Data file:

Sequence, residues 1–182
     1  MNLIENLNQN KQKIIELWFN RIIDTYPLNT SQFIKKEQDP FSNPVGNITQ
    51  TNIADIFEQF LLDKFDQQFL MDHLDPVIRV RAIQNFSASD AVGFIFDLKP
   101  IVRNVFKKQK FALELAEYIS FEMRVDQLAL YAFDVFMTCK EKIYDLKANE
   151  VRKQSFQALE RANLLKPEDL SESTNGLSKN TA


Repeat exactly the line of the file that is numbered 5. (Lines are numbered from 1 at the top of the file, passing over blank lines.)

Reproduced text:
   151  VRKQSFQALE RANLLKPEDL SESTNGLSKN TA